PURPOSE OF REVIEW - Vitamin D plays a role in many biochemical pathways outside of bone and calcium metabolism, including the cardiovascular system. Prior studies have linked vitamin D deficiency to hypertension, dyslipidemia, diabetes mellitus, and coronary artery disease. In this review, we summarize existing studies investigating these associations, specifically those addressing potential mechanisms, epidemiologic associations, and possible benefits of supplementation.
RECENT FINDINGS - Experimental studies have demonstrated that activated vitamin D reduces neurohormonal activation, inhibits inflammation, and suppresses ventricular hypertrophy. Both retrospective and prospective observational studies have related vitamin D levels with cardiometabolic risk factors and outcomes. To date, there have been a small number of randomized controlled trials investigating the effects of vitamin D supplementation on cardiovascular structure and function, but results have been inconclusive or conflicting.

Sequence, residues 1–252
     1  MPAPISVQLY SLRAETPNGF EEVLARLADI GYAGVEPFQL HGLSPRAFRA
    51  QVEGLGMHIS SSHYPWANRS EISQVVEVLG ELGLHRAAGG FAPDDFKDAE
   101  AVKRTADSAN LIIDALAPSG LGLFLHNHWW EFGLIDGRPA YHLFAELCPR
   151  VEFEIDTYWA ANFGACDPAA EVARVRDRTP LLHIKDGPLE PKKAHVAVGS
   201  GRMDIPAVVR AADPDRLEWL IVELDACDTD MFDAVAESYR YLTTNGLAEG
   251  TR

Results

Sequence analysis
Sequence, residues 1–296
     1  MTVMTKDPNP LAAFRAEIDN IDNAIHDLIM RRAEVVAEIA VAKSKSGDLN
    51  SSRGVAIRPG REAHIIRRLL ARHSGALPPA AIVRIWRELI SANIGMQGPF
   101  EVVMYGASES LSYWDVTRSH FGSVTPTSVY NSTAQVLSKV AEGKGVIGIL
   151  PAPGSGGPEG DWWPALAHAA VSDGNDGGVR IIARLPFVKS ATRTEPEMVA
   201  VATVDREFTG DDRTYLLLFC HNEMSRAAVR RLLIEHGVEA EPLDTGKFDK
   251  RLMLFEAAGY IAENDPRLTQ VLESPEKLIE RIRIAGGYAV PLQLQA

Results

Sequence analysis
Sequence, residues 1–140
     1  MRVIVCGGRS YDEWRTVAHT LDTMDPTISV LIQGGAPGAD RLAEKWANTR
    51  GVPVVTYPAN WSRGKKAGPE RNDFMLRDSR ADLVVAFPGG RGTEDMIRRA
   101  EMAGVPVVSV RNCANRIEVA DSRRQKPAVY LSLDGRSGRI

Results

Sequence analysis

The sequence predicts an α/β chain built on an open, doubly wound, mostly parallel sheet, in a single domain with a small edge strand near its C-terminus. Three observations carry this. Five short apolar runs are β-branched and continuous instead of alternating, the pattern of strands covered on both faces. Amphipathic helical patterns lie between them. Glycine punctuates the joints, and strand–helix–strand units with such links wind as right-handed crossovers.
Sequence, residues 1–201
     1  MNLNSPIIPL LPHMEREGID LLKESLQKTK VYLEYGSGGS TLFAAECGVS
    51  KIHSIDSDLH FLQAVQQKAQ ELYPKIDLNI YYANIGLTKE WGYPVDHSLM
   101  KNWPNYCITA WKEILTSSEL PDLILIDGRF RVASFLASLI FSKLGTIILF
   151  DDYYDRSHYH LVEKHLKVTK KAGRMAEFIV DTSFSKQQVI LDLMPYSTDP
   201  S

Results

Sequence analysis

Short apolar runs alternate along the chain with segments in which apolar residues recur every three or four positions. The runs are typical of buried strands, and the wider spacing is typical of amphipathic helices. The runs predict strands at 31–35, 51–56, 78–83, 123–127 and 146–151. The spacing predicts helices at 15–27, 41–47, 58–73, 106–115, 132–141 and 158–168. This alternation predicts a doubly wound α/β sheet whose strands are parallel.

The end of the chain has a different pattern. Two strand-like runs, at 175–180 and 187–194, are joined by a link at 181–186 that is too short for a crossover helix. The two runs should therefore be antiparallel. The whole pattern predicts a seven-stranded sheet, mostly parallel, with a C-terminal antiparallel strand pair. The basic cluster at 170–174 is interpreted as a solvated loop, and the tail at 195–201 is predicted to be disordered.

SUMMARY - Experimental and clinical evidence suggests a link between vitamin D deficiency and cardiovascular disease. Nonetheless, it remains unclear how many of the reported associations are causal. Well designed prospective randomized controlled trials are necessary to further investigate the appropriate role of vitamin D supplementation for cardiovascular risk reduction.